The performance is therefore based on basic melodic-harmonic formulas that are combined by the soloist. Often in agreement with the choir, on the basis of a canovaccio. The musical succession therefore does not follow rigid sequences. But allows the singers to express themselves in an always different way, guided by their own sensitivity and taste.

Origins of Canto a Tenore

Some elders, who sang in their youth, say that the three voices that make up the choir were none other than the mooing of the ox. The bleating of the sheep. And also the sound of the wind suitably harmonized with each other by the Sardinian shepherds who in this way would have given rise to singing.

Canto a Tenore is also the “instrument” that accompanies the “cantadores”, the improvising poets during their poetry competitions. Canto a Tenore is in fact the musical guise of Sardinian poetry. Certainly , the most widespread way to give voice to oral poetry and written poetry of the Sardinian tradition.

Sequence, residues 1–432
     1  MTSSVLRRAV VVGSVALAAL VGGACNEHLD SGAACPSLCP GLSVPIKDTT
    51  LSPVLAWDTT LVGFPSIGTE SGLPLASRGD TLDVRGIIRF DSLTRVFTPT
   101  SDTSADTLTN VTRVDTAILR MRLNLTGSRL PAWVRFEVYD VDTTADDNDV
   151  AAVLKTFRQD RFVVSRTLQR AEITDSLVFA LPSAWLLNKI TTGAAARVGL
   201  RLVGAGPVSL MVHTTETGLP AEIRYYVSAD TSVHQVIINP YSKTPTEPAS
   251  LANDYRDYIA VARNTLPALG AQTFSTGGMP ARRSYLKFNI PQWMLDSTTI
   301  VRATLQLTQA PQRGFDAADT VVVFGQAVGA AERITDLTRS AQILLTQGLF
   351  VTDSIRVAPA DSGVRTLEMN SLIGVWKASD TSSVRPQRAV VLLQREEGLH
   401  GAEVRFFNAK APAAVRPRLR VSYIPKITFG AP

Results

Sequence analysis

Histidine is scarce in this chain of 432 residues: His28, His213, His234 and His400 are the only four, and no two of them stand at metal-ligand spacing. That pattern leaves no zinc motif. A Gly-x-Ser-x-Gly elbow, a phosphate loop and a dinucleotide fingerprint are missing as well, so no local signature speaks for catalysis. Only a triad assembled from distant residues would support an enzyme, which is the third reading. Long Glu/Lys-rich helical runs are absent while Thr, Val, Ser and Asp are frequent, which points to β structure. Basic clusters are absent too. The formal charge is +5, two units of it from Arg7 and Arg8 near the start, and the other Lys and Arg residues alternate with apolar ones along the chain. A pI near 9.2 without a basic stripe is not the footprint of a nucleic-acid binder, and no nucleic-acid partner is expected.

Tenore sa niera Photo by Pietro lavena, Public domain, via Wikimedia Commons

The meaning of the word “tenore” can be traced back to the Sardinian verb “tennere”. Which depending on the context means “gather”, “catch” or even “weave”: the three voices that form “Su Tenore”. In fact, collect the melodies of the soloist to weave a harmonic weave. In such a way as to accompany him in singing.

Origin difficult to date